Book Review | The Name of the Wind by Patrick Rothfuss

The Name of the Wind by Patrick Rothfuss (UK cover)

The Name of the Wind by Patrick Rothfuss (UK cover)

Meh. I will now write a soap-boxy rant review about this book; that I imagine almost no one will read, but it will at least make myself feel better.

This book has over 700 pages. I’ve read a good armful of 600+ paged fiction books. After thinking about it for awhile, I decided that about five of those 600+ paged books made good, crucial use of all of those 600+ pages. Gah. Most books I read that are over 600 pages, I find myself thinking, ‘Who the heck edited this book? They did a terrible job; at least a third of the words in here could be axed.’ Get to the point people (namely, authors). We are not living in isolated early 19th century where the only thing we have to fill our time is a description of a mountainside that takes five lengthy paragraphs to get through. (Okay, that was a slight exaggeration, but only slight; they are usually four paragraphs that lead into another four paragraphs describing something else.) Are you suddenly thinking of the ‘classics’? I’ll get to that later.*

The Name of the Wind. I had more problems with it than just its length and dragging along from point to point. I had major problems with Kvothe as a character. He’s written to be this incredibly smart, keen person, and yet, he is always making incredibly stupid choices and missing incredibly obvious clues. I get that teens make stupid choices. But Kvothe rarely learns from his bad choices and the traumatic things that happen to him as a child would undoubtedly make him mature for his age — which he is often portrayed to be, except when he’s not. He is just all over the place and not in a consistent, make-sense way.

Another problem I had with the story is that the same bad things happen again and again. Kvothe, due to his keen sense and gifted abilities will now have all the money he needs to live without fear of not being able to pay tuition or have a decent set of clothes… only to have it stripped away five minutes later. How many times did this same scenario happen again and again and again?

This entire book happens in one day. Well, kind of two because the first 50 pages happen before Kvothe tells his legendary story. I listened to the audio version of this book. It is 27 hours, 58 minutes long. I listened to the book on double speed, but in real life, Kvothe would not be speaking in double speed. Which means that it is not humanly possible for this story to be told in one day. Plus, they eat, have some non-story conversations, have to deal with tavern patrons, a bad guy, and then sleep at the end of the day. I’m guessing it would actually take about 3-5 days to actually tell this story. Do editors not think about these kinds of things?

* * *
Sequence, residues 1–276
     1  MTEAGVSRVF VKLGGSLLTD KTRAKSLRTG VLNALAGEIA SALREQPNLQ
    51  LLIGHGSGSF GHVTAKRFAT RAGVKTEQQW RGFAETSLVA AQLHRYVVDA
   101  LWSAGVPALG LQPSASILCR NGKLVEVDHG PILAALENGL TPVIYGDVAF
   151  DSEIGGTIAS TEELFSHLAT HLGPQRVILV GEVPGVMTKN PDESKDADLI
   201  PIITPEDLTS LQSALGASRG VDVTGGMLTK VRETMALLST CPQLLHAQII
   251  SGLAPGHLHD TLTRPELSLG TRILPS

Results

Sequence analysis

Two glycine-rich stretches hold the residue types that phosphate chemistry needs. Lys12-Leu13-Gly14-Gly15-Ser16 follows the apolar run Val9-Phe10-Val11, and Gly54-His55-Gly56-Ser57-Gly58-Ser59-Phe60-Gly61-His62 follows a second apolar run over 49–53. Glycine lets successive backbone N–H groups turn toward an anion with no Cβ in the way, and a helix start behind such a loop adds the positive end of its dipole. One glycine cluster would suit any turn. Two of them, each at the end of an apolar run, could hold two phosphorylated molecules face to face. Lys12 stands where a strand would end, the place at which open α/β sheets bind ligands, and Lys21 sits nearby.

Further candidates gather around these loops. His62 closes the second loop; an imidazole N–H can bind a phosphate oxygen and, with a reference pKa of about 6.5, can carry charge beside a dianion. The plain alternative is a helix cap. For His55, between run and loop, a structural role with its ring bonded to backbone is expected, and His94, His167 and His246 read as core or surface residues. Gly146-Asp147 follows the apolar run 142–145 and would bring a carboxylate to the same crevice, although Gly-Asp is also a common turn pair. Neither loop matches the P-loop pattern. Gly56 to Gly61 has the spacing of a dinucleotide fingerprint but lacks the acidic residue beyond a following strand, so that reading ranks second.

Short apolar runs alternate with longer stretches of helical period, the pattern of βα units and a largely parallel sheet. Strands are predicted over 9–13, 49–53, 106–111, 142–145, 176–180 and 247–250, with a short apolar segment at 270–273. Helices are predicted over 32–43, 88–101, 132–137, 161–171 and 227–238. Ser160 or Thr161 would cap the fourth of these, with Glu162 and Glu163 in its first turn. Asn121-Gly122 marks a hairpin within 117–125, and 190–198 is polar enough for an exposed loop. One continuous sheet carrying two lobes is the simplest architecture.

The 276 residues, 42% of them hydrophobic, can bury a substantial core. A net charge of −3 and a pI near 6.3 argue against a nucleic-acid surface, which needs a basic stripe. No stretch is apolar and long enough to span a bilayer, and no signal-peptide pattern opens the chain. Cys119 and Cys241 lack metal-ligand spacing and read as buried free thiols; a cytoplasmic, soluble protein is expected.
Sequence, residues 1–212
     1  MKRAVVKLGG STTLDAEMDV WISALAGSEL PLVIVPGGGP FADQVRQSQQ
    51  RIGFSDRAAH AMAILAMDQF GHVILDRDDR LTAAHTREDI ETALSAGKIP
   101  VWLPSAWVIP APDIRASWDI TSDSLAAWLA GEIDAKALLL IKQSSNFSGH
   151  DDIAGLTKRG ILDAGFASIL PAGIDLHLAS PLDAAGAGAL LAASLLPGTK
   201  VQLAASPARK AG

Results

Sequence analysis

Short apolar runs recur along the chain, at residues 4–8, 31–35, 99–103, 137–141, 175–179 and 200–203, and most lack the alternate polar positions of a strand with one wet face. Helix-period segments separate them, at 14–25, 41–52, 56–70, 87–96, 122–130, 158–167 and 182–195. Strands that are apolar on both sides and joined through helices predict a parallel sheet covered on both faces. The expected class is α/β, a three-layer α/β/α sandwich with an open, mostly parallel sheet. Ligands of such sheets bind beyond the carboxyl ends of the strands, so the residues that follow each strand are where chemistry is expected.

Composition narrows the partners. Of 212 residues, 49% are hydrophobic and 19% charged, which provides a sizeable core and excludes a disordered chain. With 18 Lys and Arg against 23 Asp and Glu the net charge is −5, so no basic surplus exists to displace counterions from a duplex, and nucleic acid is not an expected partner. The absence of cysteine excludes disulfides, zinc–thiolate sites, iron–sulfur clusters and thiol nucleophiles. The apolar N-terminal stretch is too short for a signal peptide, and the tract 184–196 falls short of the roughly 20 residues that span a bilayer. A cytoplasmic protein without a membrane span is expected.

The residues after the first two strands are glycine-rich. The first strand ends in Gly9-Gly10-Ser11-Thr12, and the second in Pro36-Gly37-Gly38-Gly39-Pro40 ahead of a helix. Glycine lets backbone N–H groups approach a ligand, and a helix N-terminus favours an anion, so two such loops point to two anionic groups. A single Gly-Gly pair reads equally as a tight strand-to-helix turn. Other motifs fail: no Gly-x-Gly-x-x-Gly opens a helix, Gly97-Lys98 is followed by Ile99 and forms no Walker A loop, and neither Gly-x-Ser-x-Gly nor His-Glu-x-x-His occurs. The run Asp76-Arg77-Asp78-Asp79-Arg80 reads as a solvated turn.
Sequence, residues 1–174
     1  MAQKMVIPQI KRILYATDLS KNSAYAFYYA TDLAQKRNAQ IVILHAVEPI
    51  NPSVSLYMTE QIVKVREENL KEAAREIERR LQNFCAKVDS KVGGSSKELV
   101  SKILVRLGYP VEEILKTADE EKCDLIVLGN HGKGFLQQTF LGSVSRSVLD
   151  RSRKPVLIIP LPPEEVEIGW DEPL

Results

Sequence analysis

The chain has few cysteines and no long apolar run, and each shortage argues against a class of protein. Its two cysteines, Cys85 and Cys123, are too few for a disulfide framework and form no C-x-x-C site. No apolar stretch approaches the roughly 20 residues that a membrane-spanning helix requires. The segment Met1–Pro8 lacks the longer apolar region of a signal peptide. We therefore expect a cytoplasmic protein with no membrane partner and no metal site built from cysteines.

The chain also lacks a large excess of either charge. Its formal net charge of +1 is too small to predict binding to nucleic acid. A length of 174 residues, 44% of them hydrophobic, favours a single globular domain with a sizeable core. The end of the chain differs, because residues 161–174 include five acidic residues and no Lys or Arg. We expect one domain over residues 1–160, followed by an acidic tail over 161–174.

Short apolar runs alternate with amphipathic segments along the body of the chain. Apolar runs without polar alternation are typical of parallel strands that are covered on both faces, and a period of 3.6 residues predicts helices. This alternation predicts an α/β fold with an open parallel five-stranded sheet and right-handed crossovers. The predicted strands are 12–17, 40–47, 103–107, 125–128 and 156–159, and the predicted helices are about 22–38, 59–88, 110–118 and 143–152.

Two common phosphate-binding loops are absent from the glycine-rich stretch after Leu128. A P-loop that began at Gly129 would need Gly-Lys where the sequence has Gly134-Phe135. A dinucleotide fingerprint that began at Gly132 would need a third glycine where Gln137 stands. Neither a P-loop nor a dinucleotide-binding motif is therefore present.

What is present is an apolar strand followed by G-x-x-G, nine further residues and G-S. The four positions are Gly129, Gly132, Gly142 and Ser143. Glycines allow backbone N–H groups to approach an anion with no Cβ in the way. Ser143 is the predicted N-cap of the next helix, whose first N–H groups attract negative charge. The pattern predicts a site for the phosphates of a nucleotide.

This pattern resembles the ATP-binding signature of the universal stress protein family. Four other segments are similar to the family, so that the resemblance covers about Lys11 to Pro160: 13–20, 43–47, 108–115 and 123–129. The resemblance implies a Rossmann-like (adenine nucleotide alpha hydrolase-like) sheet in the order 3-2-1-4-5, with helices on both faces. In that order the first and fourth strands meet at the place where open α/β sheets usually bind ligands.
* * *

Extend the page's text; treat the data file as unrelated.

As I was listening to the book, there were such abrupt transitions at places that I thought I had mixed up and missed a track. I’d listen two or three times, look at my playlist and finally would look at the actual book to find out that the chapters actually ended so poorly as to make it seem like I had missed a track on the audio version.

Sooooooo many unexplained, random things happen, especially at the end. Dan (my husband): “You have to account for the fact that it’s a trilogy and there are supposed to be unexplained things.” I get that about series books, but I should want to know more about the unexplained things than being completely confused and, out of the middle of nowhere, run over by them. For example: Bast. What is he? I honestly don’t know if Rothfuss even knew what he was while writing almost all of this book. Actually, I do know what he is: a manic, bi-polar, not-human. His obvious mental health problem is made clear in the last five pages of the book (scratching head because that revelation came out of nowhere.)